Crop-Livestock Integration: Three Ideas
The more we learn about soil health and using agriculture to mimic natural ecosystems, the more we realize the benefits of including livestock in cropping systems. PFI farmers are exploring various ways to integrate livestock on our landscape, and finding what does and doesn’t work for them. Their creativity is impressive – and necessary, if we are to meet the tenets of soil health.
This article explores three tiers of integration, each delivering a suite of benefits to the farms and farmers – and contributing to the revitalization of our rural communities.
Through these farmers, we’re learning that reintroducing livestock doesn’t mean forsaking the past for a wholesale embrace of the new. Instead, these farmers are showing how blending past and present agriculture practices and technology can help us find solutions, today, to integrate livestock on the land.
Cover Crops Grazed by the Neighbors’ Cows
Near Udell, in south-central Iowa, John Burger and his uncle, Richard, raise row crops and have been experimenting with cover crops for five years. A few years ago, they invited their neighbor, Craig Swaby, a cattle producer who grazes pasture adjacent to the Burgers’ crop fields, to graze their cover crops.
“This is the third or fourth year Craig has grazed them,” John says. “Craig is a young farmer and my uncle, who is the landowner, was interested in trying to help him out. He needed more land and we knew there was some benefit with intensive rotational grazing. We know that, through the principle of biodiversity, more species per unit equals more productivity. Our motives were to help Craig out and enhance soil productivity.”
Craig has a 15-foot no-till drill that he uses to drill cereal rye on the Burgers’ fields at no charge. Richard pays for the rye. In 2020, Craig drilled the rye on Oct. 31, hoping to graze it twice in the spring before the Burgers planted to soybeans. He gets one grazing on years when the field is planted to corn. Craig grazes his group of about 130 yearling calves in strips throughout the 35 acres of cover crops, then opens the gate to his pasture when the cattle need to be let off the cover crops. This experiment has been successful because of how simple it is to move cows back and forth from cover crops to pasture.
“It also depends a great deal on the individual you allow on your land,” John says. “Craig is not your ordinary cattle person. He has a degree in animal science. We notice how he manages his cows and he has his herd trained to electric fence. There are others I’d be cautious about – it’s easy to let all the cows out and leave them in a field for a long time and cause compaction.”
Compaction is John’s biggest concern. When looking for someone to graze your cover crops, John recommends an interview and finding someone with a proven history of proper herd management, not someone just looking to rent ground to feed cows. “The right partner is someone who has a vested interest in a long-term relationship with their neighbors,” John says.
Craig and the Burgers don’t have a formal contract; the arrangement is based on a verbal understanding and mutual respect for one another. “If we were doing this on several thousand acres with more than one individual, there would need to be more definition,” John notes. When planting their fields, the Burgers wait to plant the 35 acres Craig grazes until last, to give Craig the longest grazing window possible. Because the parcel is relatively small, John says it’s easy to manage planting it last, which usually means it’s planted 10 days behind the other fields. That extra time, however, means significantly more grazing time for Craig.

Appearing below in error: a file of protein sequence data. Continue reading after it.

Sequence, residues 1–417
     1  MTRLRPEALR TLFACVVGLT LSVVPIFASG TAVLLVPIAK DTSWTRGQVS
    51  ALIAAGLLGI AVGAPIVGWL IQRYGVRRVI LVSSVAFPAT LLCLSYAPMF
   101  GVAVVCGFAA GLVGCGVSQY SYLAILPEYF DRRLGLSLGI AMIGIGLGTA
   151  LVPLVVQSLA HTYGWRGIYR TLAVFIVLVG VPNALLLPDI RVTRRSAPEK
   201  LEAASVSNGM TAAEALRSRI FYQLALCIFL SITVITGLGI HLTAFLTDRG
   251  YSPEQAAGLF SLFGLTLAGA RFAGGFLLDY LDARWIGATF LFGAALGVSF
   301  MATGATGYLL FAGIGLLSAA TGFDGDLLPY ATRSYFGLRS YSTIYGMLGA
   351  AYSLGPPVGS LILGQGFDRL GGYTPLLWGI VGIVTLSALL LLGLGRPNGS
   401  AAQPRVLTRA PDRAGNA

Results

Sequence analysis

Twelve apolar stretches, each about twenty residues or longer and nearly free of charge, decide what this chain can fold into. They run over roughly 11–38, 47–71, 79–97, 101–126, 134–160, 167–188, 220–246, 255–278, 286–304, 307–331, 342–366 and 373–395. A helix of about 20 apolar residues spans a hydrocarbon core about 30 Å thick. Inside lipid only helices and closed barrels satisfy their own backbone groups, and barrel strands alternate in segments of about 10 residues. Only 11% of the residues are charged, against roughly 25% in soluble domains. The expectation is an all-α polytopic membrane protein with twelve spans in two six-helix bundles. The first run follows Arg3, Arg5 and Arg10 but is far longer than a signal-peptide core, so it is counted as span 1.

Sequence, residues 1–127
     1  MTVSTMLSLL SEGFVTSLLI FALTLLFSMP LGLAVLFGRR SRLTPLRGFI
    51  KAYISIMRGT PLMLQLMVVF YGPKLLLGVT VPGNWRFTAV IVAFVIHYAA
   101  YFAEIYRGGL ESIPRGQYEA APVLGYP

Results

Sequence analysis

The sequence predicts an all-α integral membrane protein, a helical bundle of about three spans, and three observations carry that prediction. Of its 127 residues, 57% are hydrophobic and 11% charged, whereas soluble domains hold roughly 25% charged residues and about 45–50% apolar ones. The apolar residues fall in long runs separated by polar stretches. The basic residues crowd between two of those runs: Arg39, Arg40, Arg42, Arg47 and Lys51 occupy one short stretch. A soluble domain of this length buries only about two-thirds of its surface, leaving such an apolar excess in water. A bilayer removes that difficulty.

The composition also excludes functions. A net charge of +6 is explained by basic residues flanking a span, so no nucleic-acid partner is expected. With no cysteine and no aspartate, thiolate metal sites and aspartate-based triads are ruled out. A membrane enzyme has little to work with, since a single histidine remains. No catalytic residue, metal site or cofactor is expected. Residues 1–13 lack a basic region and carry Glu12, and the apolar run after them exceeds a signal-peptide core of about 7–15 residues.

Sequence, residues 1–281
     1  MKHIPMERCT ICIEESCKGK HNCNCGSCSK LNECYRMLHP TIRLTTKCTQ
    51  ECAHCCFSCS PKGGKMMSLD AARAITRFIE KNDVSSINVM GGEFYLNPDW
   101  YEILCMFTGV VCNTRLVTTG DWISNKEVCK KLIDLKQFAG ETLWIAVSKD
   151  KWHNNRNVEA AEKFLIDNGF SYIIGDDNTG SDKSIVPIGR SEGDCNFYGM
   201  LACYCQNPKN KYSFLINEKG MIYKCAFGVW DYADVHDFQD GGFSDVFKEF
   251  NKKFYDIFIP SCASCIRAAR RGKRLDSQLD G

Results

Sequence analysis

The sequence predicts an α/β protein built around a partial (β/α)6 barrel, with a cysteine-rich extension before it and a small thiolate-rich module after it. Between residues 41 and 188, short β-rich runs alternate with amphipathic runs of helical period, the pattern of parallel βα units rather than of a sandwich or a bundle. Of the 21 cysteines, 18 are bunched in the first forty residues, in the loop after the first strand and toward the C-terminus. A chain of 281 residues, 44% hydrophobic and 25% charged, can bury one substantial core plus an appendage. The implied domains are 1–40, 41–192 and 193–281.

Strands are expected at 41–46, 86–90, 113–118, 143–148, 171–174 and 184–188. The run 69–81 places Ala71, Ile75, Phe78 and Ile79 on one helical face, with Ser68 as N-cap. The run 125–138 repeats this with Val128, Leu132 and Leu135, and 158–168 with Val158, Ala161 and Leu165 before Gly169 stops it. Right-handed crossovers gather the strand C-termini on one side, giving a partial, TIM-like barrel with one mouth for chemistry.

Because the setup has been so successful so far, the Burgers like to “keep it simple,” planting a cereal rye cover crop, rather than experimenting with cover crop mixes. ‘We’re pretty happy using one cover crop because it’s really tough,” John says. “It grows fast, is relatively cheap and we can seed it late mixed with fertilizer. And it’s giving Craig feed value.”
Grazing Between Wide Corn Rows
Robert Alexander raises organic row crops and livestock near Granville, in northwestern Iowa, and has been experimenting with planting corn in 60-inch row-widths and interseeding cover crops between the rows. The potential to use these cover crops as forage and add more grazing days is a primary motivator for Robert.
In 2019, he seeded buckwheat, cereal rye, collards, cowpeas, crimson clover, phacelia, rapeseed and winter peas on July 8. The cover crop cocktail was interseeded into 100-day-maturity corn planted on June 6. Robert had heard of sheep grazing in standing corn before and wanted to try it for himself. “I turned my sheep in on Sept. 10, and that was too late,” he says. “Really, that’s when I should have been pulling them out. I learned you need to have the sheep out before the ears start pulling away from the corn stalks.”
Robert grazed 55 newly weaned lambs in 20-by-550-foot strips made of two strands of polywire, moving them every 24 hours. “We moved them fast because we wanted them to eat the cover crops and not the corn,” he says. “But this meant we left a lot of the cover crop forage behind.” Before he switched to a once-daily move, the lambs stayed in their first strip for two days. “They ate a lot of the bottom corn leaves, but then we noticed there were ears knocked to the ground with kernels missing.” The paddock was set up so the lambs also had access to a grassy buffer strip and waterway. The sheep grazed the buffer strip and waterway first, then slowly worked their way into the corn rows.